Date of Completion


Embargo Period



Mary Bernstein, Kim Price-Glynn, David G. Embrick

Field of Study



Master of Arts

Open Access

Open Access


The digital world is an integral part of everyday life regarded as an extension of the self and the physical world. The advent of live video streaming services offers a more interactive form of social media than existing photo and video sharing platforms, like Facebook or Instagram. Twitch, a social video streaming service where people watch live broadcasts of video game play and other various forms of creative content, has contributed to the creation and growth of online communities where variations and similarities between online and offline self are made visible. Early research, specifically concerned with cyberbullying, identifies age, gender, and ethnicity as the three major and most “inconsistent” predictors of harassment behavior (Wright 2016). Current research suggests that, as inequality persists, digital media significantly affects how gender and sexuality are (re)constructed and deconstructed both online and off. Online, women are disproportionately oppressed/penalized/bound by expectations of moderated and acknowledged femininity intended for minimizing marginalization and threats of violence in a White, heteronormative male-dominated Internet. Witch hunting on Twitch has taken the form of complaints about female content creators employing adult webcam modeling tactics on streaming platforms via chat comments or private messages on Twitch, as well as on Twitter, YouTube, etc. I introduce the concept of digital witch hunting to argue that a new generation of witch hunts has imposed a hierarchy of dominant femininities onto women to delegitimize their digital embodiment, police gender boundaries and exclude/inhibit women from fully participating and competing with men. Using a combination of interface and discourse analysis, this paper examines both the gender and sexuality discourse of Twitch, and the cultural practices and beliefs of Twitch users to identify how and why gender is a consistent factor in predicting people’s involvement in harassment and witch hunting online.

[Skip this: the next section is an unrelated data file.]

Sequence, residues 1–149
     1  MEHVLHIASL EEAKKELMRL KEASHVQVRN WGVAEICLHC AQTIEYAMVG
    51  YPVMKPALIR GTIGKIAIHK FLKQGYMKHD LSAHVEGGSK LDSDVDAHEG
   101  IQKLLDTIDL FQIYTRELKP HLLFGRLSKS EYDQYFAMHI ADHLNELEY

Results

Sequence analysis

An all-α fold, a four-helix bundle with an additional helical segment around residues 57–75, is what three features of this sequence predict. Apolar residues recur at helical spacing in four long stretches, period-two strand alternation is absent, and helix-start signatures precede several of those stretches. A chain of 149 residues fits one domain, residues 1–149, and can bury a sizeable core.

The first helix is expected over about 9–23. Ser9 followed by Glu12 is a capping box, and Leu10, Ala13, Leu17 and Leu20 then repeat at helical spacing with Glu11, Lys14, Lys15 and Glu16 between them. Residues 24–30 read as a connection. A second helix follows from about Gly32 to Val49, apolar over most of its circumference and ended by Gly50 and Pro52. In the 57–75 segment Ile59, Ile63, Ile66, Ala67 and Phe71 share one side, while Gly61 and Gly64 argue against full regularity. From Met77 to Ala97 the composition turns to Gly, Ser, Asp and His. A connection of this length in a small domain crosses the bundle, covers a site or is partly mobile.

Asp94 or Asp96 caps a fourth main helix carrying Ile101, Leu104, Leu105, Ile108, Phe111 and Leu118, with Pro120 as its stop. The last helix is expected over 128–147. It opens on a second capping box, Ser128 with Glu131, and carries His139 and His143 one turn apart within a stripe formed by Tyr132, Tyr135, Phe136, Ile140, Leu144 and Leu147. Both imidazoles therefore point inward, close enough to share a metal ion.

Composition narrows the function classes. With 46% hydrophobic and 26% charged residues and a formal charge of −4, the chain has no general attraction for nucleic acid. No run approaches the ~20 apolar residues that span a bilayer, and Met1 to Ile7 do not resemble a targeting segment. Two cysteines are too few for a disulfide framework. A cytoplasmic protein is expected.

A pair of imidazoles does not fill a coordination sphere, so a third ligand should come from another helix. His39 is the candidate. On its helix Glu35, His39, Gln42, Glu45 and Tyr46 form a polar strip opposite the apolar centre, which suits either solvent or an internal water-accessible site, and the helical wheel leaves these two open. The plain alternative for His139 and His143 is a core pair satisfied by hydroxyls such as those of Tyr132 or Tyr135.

Major Advisor

Mary Bernstein